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Vol. LXI, No. 22
October 30, 2009
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‘Week of Excitement’
NIH Research Festival Turns 22

On the front page...

Like a vast cousinage from the tribe of research scientists, hundreds of NIH’s principal investigators, postdocs, fellows, students and colleagues from sister agencies gathered in Masur Auditorium for the Oct. 6 kickoff of the 22nd annual NIH Research Festival.

“Welcome to a week of excitement,” said NIH director Dr. Francis Collins in remarks opening the 4-day event.

Continued...


  NIH director Dr. Francis Collins opens the 22nd Research Festival, the Intramural Research Program’s annual showcase of its science.  
  NIH director Dr. Francis Collins opens the 22nd Research Festival, the Intramural Research Program’s annual showcase of its science.  

Thousands of scientists and staff attended this year’s festival in 19 symposia, 427 posters, 18 special exhibits on resources for intramural research, a presentation of research awards, food, music fairs and more.

The festival is an annual opportunity to showcase the Intramural Research Program’s expertise, talent and verve. The Research Festival lets all the scientists on the NIH campus check out work that has something in common with their own—or something completely different.

As part of his opening remarks, Collins spoke on progeria and a clinical trial now in progress.

This trial, he said, is “an example of translational research.”

While director of the National Human Genome Research Institute, Collins led the multi-institution research team that in 2003 discovered the genetic basis of progeria, a rare disease that causes the most dramatic form of premature aging. Children with progeria usually do not live past age 12 or 13; the cause of death is usually cardiovascular disease.

Jana Kainerstorfer (r) explains her research to two interested visitors. Dr. Naveen Bojjireddy (l) talks about his fluorescence-based screening technique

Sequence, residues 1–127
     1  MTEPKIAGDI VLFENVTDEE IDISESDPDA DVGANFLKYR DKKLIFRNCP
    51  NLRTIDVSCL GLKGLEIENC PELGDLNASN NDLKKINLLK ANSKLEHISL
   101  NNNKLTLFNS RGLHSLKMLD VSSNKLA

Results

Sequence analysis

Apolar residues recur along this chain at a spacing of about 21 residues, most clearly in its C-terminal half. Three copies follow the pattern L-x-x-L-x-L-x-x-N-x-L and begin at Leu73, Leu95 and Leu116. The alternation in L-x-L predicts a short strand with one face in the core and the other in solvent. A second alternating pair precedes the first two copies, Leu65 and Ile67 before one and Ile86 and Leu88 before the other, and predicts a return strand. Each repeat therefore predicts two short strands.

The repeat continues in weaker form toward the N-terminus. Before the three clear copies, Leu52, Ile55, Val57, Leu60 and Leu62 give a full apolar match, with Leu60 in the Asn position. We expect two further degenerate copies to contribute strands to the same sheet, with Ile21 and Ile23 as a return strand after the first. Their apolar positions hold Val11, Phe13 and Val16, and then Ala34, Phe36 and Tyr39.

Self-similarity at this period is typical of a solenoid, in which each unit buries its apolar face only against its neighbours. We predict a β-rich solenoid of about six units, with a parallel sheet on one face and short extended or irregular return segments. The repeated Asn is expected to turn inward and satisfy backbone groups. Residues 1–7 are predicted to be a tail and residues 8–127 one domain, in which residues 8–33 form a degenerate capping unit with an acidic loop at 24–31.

Jana Kainerstorfer (r) explains her research to two interested visitors. Dr. Naveen Bojjireddy (l) talks about his fluorescence-based screening technique

An NIH natural history study in 2005-2006 led to the current trial, said Collins.

“Six years ago,” he continued, “progeria was a death sentence. Now all the kids in the world with progeria who could come to Boston [the current trial’s location center] are on [the trial] drug.”

NIH deputy director for intramural research Dr. Michael Gottesman (c) congratulates FARE recipients Leila Maria Taher (l), a visiting fellow ,and research fellow Dr. Yang Huang, both of NLM. The Fellows Award for Research Excellence began in 1995 to provide recognition for outstanding scientific research performed by intramural postdoctoral fellows.
NIH deputy director for intramural research Dr. Michael Gottesman (c) congratulates FARE recipients Leila Maria Taher (l), a visiting fellow ,and research fellow Dr. Yang Huang, both of NLM. The Fellows Award for Research Excellence began in 1995 to provide recognition for outstanding scientific research performed by intramural postdoctoral fellows.
Researchers also hope to learn whether progeria has any relevance to normal aging.

Following Collins’ presentation, the first plenary session covered “Influenza A—Pathogenesis and Pandemics.”

The influenza A virus, which includes the new form of H1N1, shows enormous adaptability in the way it evades immunity built up in the human population. The session also covered the phenomena of “antigenic drift” (one of the ways the virus makes self-protective changes) and new pandemic strains; pathogenesis (the development of the disease in its human and animal hosts); and vaccine development, including new methods to probe the antibody response to vaccines.

Volunteers are now needed for a natural history flu study, NIAID’s Dr. Jeffery Taubenberger said. The goals are to better understand viral and host factors contributing to clinical illness and the pathogenesis of the flu. NIH will partner with the Washington Hospital Center in this national, multi-center protocol.
At the first plenary session, “Influenza A—Pathogenesis and Pandemics,” Dr. Gary Nabel of NIAID discusses the yearly costs of flu vaccines.
At the first plenary session, “Influenza A—Pathogenesis and Pandemics,” Dr. Gary Nabel of NIAID discusses the yearly costs of flu vaccines.
Fine weather favored the scientists migrating from Masur to the Natcher Bldg., which hosted several festival events including poster displays, food and music fairs and the ceremony for the 2010 Fellows Award for Research Excellence.

FARE, now in its 14th year, recognizes outstanding scientific research performed by intramural fellows with less than 5 years total research experience at NIH. This year, 239 winners were chosen out of nearly 1,000 applicants. NIHRecord Icon

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